The trial of Dzhokhar Tsarnaev, the sole surviving perpetrator of the Boston Marathon bombings, took only thirty-three days. On April 8 a jury declared the twenty-one-year-old guilty of one of the most heinous crimes in recent American history; then, on May 8, they sentenced him to death. Many years will pass before Tsarnaev faces execution, assuming that he ever does; the victims, and the people of Boston, can now look forward to a long period of appeals, rulings, and maneuverings before his case achieves its denouement. Yet that didn’t stop politicians from immediately hailing the verdict as an opportunity to banish the case to the history books. “The ultimate penalty is a fitting punishment for this horrific crime,” said US Attorney General Loretta Lynch, “and we hope that the completion of this prosecution will bring some measure of closure to the victims and their families.” The mayor and governor both also invoked the word “closure” for survivors and families.
The fixation on “closure”—that distinctly American word—certainly has its positive aspects. Looking forward frees us to act. Yet the urge to “move along” comes at a cost. We can declare the past obsolete with all the decisiveness we can muster, but that doesn’t mean that it will cooperate. History has a way of sticking around no matter how much we attempt to exorcise it.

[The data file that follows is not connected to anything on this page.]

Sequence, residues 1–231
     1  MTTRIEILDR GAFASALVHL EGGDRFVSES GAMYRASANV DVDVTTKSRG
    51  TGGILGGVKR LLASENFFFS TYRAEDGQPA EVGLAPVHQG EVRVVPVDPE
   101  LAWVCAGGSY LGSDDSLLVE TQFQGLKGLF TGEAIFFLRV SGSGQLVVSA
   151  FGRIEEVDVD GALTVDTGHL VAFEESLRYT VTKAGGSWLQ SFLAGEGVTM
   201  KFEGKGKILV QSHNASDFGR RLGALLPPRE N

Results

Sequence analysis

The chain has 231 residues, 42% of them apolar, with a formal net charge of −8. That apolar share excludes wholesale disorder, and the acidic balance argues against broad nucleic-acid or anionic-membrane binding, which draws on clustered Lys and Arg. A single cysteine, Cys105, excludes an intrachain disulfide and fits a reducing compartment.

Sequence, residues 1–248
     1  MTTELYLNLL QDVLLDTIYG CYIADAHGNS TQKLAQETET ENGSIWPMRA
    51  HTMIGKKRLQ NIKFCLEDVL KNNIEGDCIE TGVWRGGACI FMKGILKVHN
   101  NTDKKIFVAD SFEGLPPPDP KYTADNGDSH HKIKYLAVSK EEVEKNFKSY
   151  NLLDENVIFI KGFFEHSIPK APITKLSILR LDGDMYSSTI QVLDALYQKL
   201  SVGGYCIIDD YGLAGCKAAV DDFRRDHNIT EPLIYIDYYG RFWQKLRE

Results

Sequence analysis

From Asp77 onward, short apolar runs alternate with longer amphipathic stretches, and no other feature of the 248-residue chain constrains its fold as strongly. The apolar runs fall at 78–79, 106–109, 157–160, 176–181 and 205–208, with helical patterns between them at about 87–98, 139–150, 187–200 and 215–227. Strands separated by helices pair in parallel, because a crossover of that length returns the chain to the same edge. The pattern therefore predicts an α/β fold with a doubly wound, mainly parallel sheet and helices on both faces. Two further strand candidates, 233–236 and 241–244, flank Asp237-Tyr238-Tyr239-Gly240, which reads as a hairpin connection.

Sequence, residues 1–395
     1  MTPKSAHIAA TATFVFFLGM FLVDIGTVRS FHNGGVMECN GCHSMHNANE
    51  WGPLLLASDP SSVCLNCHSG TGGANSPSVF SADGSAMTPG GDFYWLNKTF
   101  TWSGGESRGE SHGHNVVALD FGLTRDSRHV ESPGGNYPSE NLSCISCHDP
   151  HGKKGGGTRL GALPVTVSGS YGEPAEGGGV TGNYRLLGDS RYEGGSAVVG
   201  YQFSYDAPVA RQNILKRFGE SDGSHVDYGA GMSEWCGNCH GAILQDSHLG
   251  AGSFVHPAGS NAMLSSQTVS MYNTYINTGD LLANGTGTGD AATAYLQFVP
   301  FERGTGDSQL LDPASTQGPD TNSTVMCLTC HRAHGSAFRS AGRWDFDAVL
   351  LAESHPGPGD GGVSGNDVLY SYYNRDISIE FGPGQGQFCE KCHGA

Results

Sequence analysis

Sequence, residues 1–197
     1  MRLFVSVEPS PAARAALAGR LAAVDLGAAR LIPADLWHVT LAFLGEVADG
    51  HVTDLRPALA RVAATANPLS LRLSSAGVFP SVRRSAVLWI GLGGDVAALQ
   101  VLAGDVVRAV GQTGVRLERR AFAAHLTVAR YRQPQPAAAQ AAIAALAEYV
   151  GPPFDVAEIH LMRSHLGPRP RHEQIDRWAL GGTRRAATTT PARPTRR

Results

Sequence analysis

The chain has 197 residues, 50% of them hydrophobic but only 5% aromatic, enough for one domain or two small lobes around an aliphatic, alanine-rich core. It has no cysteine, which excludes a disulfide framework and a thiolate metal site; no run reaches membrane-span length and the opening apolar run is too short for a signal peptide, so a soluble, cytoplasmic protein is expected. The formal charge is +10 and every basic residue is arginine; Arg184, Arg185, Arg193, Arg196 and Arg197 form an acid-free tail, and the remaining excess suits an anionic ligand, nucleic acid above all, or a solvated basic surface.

All terrorist attacks are appalling, but there is something uniquely disquieting about this particular one. The bombers seemed to be well-integrated immigrants from the former Soviet Union. They managed to build a small arsenal of homemade bombs without detection. Their intimate knowledge of their adopted city prompted them to target an event that is tightly bound up with Boston’s collective sense of self. And then there is the question of motives: Why did these two men, who come from a family that arrived in the United States with little devotion to Islam, gradually find themselves drawn toward jihadist ideology?
At 2:49 in the afternoon on April 15, 2013, a bomb exploded near the finish line of the Boston Marathon. A second, equally powerful blast followed twelve seconds later, one block farther up Boylston Street. The two explosions sent waves of shrapnel—ball bearings and nails that had been packed in the bombs to maximize casualties—scything through the dense crowd of spectators and runners. Three bystanders—twenty-nine-year-old Krystle Campbell, twenty-three-year-old Lu Lingzi, and eight-year-old Martin Richard—were killed outright. Of the at least 264 people injured, seventeen of them ultimately lost at least one leg in the attack. (The number of deaths could have easily been much higher, but the toll was almost certainly reduced by the large number of emergency workers who were already…
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